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 Interview, Saimir Pirgu

Saimir PirguOver the past five years or so, the Albanian tenor Saimir Pirgu has emerged as one of the most exciting new lyric voices around - with awards including first prize in the 2002 Caruso Competition, the Franco Corelli Award (2009), the Golden Pavarotti Award (2013), his open, multi-faceted timbre and ability to spin a bel canto line are at once instantly recognisable and a throwback of sorts to the glory-days of the gentlemen mentioned above! Following beginnings in bel canto and Mozart, he's now much in demand at the world's most prestigious houses in roles like The Duke of Mantua in Rigoletto and Rodolfo in La bohème (and gave a show-stealing performance as The Shepherd in Kasper Holten's recent production of Szymanowski's Król Roger at Covent Garden last year, now available on DVD and blu-ray from Opus Arte). His new operatic recital-disc Il mio canto was released last month on Opus Arte, and provides a fascinating snapshot of where his voice blooms at the moment and where it might go in the future...

He's currently back in London to sing one of his signature-roles, Alfredo Germont in La traviata - his performances at the Metropolitan Opera back in 2013 (with Plácido Domingo making his role-debut as his father) garnered praise for his 'handsome, ringing sound' (Opera News) and 'exceptionally boyish, gently ardent' stage-presence (Financial Times). Saimir and I corresponded via email over the weekend, whilst he was unfortunately laid low with a throat infection which prevented him from singing the opening night in Richard Eyre's much-praised production - here's wishing him in bocca al lupo for his performance this evening!

It’s over ten years since you made your first recital recording - how much do you feel your voice has altered since then? I see you sang a lot of Mozart and lighter bel canto at the beginning of your career and that the bigger lyric roles have been steadily taking over for the past couple of years...

Like you have said, the first album was recorded 10 years ago when I was just 22, and at this time I was a tenore di grazia focused on the Mozart and bel canto repertoire. With a voice so young it is just too early to sing Verdi, as much as I would have loved to. But going after such heavy roles at such a young age you just end up destroying your voice, and you aren't able to do his beautiful music justice yet. I am very happy that I had the time to slowly develop my voice: I was the youngest male debutant at the Salzburg Festival, and with the big success in Salzburg and at the Vienna State Opera, Universal decided to record my voice and to bring out an album. Our idea was to document the youth and genuineness of the voice to inspire the next generation of singers. In the new album Il mio canto, I am representing my full range of voice as it is now: the voice has become more lyrical, with a lot of colours and dramatic nuances, and is more specialised in the Italian and French repertoire.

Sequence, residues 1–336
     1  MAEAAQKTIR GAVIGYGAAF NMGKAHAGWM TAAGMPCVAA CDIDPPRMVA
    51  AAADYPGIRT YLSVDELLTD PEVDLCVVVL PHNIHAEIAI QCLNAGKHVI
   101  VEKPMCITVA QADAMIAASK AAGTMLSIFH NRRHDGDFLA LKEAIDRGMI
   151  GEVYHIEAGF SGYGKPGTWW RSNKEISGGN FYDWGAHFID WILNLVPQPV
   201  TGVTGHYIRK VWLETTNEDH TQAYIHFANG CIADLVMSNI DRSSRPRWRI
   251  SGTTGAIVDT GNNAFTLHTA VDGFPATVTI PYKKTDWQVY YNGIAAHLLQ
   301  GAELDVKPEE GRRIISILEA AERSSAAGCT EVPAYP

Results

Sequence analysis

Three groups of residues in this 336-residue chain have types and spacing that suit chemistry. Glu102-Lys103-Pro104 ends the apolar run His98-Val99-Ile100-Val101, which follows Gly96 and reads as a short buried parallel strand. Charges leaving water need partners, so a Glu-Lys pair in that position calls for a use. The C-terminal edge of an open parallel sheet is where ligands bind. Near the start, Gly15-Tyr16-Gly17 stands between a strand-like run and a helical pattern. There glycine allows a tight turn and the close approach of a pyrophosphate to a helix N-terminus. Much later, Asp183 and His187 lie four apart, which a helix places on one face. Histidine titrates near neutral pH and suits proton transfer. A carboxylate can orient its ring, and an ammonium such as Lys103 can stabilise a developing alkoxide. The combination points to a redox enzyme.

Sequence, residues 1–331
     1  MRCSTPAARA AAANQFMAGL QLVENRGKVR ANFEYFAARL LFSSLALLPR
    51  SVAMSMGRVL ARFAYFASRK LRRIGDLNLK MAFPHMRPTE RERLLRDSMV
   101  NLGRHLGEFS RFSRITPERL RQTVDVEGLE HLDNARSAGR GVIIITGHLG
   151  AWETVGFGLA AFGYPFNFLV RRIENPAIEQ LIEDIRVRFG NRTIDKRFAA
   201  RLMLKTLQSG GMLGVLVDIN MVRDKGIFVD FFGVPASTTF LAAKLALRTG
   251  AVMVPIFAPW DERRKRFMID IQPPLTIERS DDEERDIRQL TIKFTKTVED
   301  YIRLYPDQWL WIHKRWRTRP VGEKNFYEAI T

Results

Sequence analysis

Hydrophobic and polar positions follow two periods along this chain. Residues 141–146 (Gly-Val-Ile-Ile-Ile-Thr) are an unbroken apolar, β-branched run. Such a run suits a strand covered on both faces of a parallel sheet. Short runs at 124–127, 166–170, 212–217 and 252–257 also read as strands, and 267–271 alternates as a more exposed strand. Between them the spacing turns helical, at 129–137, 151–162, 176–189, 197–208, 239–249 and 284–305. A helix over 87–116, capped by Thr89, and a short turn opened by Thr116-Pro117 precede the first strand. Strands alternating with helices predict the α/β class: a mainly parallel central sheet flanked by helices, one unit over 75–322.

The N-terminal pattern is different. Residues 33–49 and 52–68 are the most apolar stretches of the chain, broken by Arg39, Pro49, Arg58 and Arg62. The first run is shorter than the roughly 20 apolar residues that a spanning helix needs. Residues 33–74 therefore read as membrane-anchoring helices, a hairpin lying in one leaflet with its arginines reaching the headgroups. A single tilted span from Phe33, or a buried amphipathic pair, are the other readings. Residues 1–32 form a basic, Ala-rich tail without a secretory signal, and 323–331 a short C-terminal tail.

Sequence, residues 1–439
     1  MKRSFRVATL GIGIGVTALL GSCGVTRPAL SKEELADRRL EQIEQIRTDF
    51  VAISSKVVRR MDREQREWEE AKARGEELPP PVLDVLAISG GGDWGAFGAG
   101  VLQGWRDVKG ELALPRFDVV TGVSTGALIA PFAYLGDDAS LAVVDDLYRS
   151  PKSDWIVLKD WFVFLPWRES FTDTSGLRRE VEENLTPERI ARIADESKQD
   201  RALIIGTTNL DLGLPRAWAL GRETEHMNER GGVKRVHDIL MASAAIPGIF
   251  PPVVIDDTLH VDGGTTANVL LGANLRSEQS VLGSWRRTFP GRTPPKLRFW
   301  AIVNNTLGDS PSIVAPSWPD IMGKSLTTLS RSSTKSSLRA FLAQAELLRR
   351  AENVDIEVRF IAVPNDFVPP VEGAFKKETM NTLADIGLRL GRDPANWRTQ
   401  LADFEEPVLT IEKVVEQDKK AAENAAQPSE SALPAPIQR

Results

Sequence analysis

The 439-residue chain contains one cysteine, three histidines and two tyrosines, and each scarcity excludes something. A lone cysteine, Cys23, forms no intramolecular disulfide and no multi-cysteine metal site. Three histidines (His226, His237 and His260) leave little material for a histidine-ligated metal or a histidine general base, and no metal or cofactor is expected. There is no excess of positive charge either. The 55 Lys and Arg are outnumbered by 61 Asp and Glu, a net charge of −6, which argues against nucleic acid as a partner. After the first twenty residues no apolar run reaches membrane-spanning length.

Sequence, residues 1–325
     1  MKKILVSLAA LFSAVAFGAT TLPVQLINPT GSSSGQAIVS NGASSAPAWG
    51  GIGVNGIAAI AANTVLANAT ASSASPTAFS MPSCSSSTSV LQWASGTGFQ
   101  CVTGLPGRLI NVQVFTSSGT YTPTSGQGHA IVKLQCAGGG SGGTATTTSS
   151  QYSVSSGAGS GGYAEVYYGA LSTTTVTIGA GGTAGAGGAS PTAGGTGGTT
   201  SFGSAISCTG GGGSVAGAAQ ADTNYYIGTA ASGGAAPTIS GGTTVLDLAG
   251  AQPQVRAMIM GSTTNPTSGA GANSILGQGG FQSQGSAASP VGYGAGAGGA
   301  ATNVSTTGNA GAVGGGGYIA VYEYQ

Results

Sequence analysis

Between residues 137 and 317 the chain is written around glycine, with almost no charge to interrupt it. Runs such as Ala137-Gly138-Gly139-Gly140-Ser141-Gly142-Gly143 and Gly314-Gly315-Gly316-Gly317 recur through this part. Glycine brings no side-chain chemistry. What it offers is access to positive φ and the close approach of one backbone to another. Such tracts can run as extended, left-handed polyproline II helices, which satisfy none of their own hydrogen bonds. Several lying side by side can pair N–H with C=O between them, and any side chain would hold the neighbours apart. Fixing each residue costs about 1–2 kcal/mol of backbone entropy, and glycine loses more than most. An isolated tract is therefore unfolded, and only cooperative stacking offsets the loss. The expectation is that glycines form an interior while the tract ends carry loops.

Tell me a little about the story of your vocal training – when and how did you realise you had a voice, how much support was there to develop that when you were growing up in Albania, and what technical areas needed the most work when you started out?!

I was first a violinist and didn’t have a lot of vocal training back in Albania. It is where I started, but my real studies began in Italy with Maestro Vito Maria Brunetti in Bolzano. I am very proud that my beginnings as an opera singer started in Italy because it gave me the chance to learn the language and the culture of this beautiful art form in its native country. Posare la voce, il legato, the Italian diction and the general Italian style is the biggest challenge for every young singer and what needs the most work. I am very fortunate to have been able to learn this craft in Italy, where this technique was born. My family was behind me from the very beginning and supported my choice to become a singer, and they truly gave all they had to help were they could. I am most grateful to them.